The board will consider the report in deciding on the annual industry-wide rate level adjustment to become effective on Nov. 1, 2008.
Oliver Wyman's predictions were based in part on the findings contained in a 2004 KPMG report to the Alberta finance department. In it, KPMG found that out of the total 30.2% savings in bodily injury claims presented in the report, 21.3% -- or 70.5% of the total -- was due to the cap on minor injuries and the balance, 8.9%, was for non-cap-related auto insurance reforms.
"We assume this same relative split of costs, 70.5% versus 29.5%, is applicable today," Oliver Wyman notes. "As we estimate the minor injury cap to have resulted in a savings in bodily injury claim costs of 21.6%, we estimate that the repeal of the cap will result in an increase in bodily injury claim costs of 27.6% (1 divided by .784)."

AXA reports increased P&C revenues in 2008 Q1

AXA reported its 2008 Q1 property and casualty revenues increased by 2% to EUR8.885 million (Cdn$13.74 billion), up from EUR8.625 billion (Cdn$13.33 billion) in 2007 Q1.
"This solid performance resulted from positive new business volumes with personal motor and household net new contracts reaching 246,000 and 17,000 contracts, respectively, as well as prices holding up well across the board," the company noted in a press release.

Ontario auto rates increase in 2008 Q1

Ontario auto rates are on the rise, according to data posted by the Financial Services Commission of Ontario (FSCO), the regulator of the province's insurers.
Rate applications approved for 2008 Q1 averaged +1.05%, based on the entire market, FSCO noted in an online bulletin.
Rate changes approved in 2004, 2005, 2006 and 2007 were -10.60%, -2.43%, -1.27% and +0.55%, respectively, for the entire market.
In 2008 Q1, for the 43.37% of the market that had rate changes approved, the average rate change was +2.42%, when weighted by market share.

Carriers should offer long-term policies to homeowners in hazard areas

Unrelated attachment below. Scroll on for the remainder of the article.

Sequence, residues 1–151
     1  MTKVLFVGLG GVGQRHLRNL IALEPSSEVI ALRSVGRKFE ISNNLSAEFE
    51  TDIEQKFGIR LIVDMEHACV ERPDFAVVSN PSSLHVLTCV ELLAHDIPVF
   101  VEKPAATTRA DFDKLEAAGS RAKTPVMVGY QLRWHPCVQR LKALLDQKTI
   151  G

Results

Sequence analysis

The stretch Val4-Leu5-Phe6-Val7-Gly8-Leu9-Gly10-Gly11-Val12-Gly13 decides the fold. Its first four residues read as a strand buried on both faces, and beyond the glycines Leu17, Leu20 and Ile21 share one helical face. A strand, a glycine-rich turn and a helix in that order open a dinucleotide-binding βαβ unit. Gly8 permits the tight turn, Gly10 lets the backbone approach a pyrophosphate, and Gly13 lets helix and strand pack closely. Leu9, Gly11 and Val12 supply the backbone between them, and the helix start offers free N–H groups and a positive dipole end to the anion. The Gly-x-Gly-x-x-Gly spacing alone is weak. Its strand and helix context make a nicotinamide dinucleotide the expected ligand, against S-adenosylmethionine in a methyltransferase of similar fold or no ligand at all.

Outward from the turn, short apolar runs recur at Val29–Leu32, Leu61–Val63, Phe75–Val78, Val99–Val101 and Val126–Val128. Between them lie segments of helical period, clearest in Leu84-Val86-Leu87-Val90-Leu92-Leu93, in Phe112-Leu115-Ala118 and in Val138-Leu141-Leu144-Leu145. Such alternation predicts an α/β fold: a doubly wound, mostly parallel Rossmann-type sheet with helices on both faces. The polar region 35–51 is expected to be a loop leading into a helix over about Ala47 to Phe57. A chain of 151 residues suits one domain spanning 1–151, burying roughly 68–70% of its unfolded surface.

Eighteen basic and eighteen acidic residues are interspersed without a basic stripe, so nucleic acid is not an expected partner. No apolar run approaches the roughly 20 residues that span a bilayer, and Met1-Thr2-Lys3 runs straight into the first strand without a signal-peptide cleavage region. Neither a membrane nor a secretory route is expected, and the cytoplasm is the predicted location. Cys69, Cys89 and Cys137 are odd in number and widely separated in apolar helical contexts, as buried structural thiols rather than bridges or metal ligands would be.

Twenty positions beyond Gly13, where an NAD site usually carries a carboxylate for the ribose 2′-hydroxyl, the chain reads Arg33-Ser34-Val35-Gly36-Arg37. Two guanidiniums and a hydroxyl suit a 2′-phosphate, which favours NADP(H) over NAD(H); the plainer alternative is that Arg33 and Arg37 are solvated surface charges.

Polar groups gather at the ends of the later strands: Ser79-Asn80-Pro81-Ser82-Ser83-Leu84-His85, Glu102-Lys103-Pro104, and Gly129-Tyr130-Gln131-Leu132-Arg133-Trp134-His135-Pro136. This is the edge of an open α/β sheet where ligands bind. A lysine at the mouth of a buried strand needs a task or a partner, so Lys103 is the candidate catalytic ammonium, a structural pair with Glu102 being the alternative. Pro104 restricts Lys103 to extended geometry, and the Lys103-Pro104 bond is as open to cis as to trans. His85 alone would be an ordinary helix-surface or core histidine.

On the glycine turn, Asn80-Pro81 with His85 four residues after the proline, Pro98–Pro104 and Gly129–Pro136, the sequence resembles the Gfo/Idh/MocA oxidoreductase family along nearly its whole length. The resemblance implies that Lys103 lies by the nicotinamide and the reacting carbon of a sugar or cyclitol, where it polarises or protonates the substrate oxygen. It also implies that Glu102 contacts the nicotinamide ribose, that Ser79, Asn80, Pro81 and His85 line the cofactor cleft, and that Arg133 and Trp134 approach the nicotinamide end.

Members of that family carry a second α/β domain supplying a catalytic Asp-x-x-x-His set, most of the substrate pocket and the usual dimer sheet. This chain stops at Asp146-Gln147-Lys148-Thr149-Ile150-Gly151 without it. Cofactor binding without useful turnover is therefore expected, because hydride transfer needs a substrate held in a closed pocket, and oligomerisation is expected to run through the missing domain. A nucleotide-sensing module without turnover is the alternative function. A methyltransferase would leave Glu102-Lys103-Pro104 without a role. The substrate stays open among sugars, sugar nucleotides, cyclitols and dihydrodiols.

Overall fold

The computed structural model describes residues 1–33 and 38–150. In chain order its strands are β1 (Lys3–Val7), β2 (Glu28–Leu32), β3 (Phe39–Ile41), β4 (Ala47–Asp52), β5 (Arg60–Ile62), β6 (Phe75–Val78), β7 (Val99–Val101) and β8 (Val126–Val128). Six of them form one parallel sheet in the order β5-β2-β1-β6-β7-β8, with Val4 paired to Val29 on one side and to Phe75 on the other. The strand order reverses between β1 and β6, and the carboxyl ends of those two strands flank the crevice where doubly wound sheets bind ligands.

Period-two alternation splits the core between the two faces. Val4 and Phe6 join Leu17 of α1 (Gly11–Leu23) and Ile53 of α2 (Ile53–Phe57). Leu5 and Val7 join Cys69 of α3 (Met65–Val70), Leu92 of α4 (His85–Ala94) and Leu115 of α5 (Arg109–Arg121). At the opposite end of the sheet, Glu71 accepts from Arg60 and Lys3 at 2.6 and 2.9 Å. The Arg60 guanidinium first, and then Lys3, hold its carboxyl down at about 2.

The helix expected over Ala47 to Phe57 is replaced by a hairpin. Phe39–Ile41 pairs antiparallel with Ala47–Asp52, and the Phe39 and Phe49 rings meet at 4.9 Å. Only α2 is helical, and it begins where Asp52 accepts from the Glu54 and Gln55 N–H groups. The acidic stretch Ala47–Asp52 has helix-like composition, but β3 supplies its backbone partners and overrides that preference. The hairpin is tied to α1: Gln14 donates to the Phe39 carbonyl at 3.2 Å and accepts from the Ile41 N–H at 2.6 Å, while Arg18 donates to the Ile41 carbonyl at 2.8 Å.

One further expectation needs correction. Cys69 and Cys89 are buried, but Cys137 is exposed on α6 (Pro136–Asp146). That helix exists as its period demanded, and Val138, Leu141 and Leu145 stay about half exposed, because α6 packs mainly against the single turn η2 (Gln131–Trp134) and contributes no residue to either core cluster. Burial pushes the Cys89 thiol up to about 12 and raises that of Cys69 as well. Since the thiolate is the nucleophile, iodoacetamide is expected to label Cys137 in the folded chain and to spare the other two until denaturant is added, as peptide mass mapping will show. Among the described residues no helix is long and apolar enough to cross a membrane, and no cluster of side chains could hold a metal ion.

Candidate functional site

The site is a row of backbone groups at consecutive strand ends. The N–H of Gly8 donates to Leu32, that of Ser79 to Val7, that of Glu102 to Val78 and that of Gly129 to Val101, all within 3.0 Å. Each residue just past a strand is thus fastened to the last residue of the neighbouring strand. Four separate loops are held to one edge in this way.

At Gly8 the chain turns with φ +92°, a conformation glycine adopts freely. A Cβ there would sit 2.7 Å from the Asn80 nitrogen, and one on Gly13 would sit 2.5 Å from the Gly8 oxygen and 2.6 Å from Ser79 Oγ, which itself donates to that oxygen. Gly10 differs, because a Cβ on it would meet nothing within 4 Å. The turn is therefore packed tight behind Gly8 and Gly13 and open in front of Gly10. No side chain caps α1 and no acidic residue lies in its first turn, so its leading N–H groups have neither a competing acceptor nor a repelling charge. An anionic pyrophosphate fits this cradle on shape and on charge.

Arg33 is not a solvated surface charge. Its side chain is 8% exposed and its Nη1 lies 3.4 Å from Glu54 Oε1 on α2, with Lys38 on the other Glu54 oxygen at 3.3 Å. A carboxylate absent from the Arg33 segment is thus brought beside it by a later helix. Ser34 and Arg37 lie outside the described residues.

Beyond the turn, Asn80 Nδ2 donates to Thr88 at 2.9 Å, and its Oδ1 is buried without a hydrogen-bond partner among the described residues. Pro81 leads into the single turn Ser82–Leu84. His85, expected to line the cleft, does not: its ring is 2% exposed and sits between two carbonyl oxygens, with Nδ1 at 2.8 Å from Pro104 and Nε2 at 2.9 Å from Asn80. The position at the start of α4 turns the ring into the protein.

In an effort to better manage risks during a period of large-scale catastrophes, insurers should consider offering long-term policies to homeowners in hazard-prone areas.
"Such a long-term policy could be tied to a mortgage, and home improvement loans can encourage the adoption of cost-effective mitigation measures," says a report co-authored by the Wharton University of Pennsylvania, the Insurance Information Institute and Georgia State University.
"A program of insurance vouchers, similar in concept to food stamps, could assist low-income residents in disaster-prone areas to purchase adequate insurance coverage."
The report found that, among other things, most homeowners in hazard-prone areas consider only premium payments, without taking into consideration the benefits of protection, when considering their insurance purchases.

AIG suffers US$5 billion loss in 2007 Q4

American International Group, Inc. (AIG) reported loss of US$5.3 billion for 2007 Q4, and a net income of US$6.2 billion for the full year 2007, representing a 55.9% decrease over the prior year.
In 2006 Q4, AIG reported a profit of US$3.4 billion. "The 2007 other-than-temporary impairment charges resulted primarily from the significant, rapid declines in market values of certain residential mortgage-backed securities in the fourth quarter, for which AIG cannot reasonably determine the recovery period will be temporary," the company reported in a statement.

Focus on micro-solutions

In order to respond to the rising costs of climate change-related damages, insurance companies are going to have to focus more on micro-solutions (i.e. on a policyholder-by-policyholder basis), Colin Empke, partner at Blaney McMurtry LLP, told delegates at the Canadian Defence Lawyers 4th annual insurance coverage symposium in Toronto on Feb. 28.
Empke was speaking on behalf of Anthony Saunders, partner with Guild, Yule and Company, who was unable to attend the symposium.
Empke observed an increasing number of weather-related insurance losses, causing the industry to seek ways to deal with increasing costs and solvency issues.